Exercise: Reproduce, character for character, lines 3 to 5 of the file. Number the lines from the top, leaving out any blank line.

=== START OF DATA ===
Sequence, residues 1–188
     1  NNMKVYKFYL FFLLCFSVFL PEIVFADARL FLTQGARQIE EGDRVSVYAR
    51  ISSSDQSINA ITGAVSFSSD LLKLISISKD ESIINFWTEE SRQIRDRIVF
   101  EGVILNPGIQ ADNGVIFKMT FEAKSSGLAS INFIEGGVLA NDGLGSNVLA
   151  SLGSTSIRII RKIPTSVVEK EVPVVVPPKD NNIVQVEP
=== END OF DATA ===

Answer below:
    51  ISSSDQSINA ITGAVSFSSD LLKLISISKD ESIINFWTEE SRQIRDRIVF
   101  EGVILNPGIQ ADNGVIFKMT FEAKSSGLAS INFIEGGVLA NDGLGSNVLA
   151  SLGSTSIRII RKIPTSVVEK EVPVVVPPKD NNIVQVEP